ET
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Tradition Securities and Futures S.A. v
Mouradian [2009] EWCA Civ 60
Facts:
M was a senior broker on the fixed income desk where he managed a team of brokers. In
September 2004 he entered into a 4 year fixed term contract. Under the terms of the
contract he was to be paid from a bonus pool of 60% of net billed income less appropriate
deductions to be divided as he thought appropriate after consultation with the CEO,
payable in cash or into a retirement scheme or employee benefit trust. For the period July
to December 2007 M had allocated £100,000 bonus to his team, the remainder to be
payable to himself. The bank declared a bonus pool of £1,429,00.60 after deductions
including a deduction of £154,286 disputed by M. The net shortfall to M was £92,571.60.
M brought an unlawful deduction of wages claim in the ET. The issue in question was
whether the amount in dispute was a quantifiable sum.
Held (CA):
The Tribunal were entitled and obliged to make certain findings of fact and in this case
determined that M had sole discretion as the both the amount of bonus and the form of his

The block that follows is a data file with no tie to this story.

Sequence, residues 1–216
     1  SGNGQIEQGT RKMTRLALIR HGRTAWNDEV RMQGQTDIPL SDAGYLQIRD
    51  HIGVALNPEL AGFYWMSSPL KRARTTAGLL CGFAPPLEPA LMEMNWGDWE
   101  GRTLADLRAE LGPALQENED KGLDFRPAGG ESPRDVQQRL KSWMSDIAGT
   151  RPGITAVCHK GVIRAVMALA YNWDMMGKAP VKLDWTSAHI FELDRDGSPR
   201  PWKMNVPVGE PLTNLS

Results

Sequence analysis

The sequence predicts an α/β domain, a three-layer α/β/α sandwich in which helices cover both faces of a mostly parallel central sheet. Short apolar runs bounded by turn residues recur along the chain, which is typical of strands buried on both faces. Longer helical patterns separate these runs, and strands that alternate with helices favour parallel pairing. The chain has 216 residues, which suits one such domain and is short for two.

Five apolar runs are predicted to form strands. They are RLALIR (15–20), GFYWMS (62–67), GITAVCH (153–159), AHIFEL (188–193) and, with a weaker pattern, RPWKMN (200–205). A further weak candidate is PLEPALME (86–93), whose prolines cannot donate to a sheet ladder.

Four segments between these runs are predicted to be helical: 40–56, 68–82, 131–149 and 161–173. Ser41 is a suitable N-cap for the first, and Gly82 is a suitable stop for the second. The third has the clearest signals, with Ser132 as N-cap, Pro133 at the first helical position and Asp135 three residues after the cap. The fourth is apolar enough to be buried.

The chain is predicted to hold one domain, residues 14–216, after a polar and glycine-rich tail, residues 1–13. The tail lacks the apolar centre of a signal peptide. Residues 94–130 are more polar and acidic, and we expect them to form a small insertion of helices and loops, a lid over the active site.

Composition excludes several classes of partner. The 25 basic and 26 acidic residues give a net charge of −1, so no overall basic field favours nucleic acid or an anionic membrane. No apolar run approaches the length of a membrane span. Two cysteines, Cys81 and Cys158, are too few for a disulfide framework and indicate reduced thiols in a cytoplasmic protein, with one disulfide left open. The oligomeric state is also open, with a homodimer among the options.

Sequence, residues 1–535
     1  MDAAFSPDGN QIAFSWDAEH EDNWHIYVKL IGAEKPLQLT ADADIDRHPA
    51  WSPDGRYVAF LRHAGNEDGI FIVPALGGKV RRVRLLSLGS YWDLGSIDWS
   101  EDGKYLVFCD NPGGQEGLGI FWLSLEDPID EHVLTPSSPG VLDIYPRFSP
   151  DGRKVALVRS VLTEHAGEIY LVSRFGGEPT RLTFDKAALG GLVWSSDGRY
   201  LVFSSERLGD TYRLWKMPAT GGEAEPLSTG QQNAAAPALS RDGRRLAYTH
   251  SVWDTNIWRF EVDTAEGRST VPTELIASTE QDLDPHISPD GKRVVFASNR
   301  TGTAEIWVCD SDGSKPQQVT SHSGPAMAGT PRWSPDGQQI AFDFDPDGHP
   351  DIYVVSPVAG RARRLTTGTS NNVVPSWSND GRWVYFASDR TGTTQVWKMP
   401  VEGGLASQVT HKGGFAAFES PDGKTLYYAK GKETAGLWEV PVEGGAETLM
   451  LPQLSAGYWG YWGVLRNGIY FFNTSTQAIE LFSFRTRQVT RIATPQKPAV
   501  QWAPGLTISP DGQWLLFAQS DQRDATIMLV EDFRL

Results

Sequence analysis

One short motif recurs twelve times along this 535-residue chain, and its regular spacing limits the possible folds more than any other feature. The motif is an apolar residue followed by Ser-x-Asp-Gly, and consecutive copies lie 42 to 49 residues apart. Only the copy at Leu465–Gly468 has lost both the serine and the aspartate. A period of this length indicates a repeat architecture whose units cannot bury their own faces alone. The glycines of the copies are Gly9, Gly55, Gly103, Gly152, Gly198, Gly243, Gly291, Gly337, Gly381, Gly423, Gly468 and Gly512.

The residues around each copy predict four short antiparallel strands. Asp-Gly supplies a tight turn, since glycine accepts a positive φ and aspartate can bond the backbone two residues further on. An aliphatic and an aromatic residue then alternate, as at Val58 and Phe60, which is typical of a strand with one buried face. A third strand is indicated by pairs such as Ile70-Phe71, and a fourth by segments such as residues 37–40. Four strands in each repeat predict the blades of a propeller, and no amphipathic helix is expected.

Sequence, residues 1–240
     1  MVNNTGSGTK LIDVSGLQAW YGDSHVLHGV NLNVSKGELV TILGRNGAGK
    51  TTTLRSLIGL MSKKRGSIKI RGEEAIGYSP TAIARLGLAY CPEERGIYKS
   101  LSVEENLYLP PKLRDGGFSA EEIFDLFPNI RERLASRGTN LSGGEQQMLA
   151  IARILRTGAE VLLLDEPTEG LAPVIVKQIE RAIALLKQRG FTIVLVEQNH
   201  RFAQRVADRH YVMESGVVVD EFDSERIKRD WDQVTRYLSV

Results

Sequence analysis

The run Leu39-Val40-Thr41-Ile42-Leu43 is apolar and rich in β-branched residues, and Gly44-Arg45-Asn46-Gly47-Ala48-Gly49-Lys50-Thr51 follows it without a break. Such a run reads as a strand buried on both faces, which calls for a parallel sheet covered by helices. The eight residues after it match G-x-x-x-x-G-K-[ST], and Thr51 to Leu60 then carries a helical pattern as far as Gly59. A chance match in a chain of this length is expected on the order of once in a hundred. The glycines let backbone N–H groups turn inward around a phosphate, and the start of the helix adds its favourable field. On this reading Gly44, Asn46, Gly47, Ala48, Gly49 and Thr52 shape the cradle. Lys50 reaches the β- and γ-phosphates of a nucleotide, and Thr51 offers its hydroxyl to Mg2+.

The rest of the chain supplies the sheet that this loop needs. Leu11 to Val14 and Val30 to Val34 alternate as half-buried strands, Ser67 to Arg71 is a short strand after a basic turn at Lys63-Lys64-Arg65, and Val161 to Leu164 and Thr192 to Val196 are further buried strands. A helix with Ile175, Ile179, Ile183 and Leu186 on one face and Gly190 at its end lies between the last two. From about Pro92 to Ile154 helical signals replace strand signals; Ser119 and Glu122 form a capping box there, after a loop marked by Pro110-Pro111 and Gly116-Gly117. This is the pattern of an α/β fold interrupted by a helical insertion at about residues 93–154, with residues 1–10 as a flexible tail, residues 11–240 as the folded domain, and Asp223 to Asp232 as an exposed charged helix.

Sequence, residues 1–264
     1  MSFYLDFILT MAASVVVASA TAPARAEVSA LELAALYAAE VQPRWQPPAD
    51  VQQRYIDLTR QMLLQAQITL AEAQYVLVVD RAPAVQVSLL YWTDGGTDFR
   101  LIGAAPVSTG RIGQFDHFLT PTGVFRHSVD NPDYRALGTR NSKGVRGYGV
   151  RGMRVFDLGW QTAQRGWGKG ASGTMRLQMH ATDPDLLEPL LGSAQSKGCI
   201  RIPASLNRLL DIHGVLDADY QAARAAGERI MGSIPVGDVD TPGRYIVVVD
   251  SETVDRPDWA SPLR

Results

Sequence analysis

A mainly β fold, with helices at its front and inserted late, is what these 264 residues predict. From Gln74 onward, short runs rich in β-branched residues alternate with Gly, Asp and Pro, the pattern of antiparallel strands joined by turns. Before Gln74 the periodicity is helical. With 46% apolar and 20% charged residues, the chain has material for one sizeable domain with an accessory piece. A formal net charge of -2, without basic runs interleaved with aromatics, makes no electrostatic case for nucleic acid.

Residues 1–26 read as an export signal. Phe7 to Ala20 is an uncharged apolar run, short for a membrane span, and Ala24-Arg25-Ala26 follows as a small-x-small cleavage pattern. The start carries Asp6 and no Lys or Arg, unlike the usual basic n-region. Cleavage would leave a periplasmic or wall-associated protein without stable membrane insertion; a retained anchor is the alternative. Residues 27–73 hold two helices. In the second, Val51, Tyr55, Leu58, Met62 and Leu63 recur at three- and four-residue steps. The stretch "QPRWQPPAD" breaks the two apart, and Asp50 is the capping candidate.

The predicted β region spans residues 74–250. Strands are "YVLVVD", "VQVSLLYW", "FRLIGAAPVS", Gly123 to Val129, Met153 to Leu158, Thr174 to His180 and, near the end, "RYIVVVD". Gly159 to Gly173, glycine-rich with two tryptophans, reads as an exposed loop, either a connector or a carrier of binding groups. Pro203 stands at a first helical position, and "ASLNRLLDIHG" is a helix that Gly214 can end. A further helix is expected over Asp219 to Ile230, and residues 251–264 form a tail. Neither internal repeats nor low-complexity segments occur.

bonus. The claim could accordingly be heard under the deduction of wages provision.
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Breach of Contract Claim
• Employment Tribunal claim within 3 months of the termination of
employment
• NB: maximum award is capped at £25,000
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Discrimination Complaint
• Employment Tribunal claim that a bonus scheme has been operated
unlawfully in contravention of discrimination legislation (sex, marital
status, pregnancy, race, disability, sexual orientation, gender reassignment, age, and religion and belief or less favourable treatment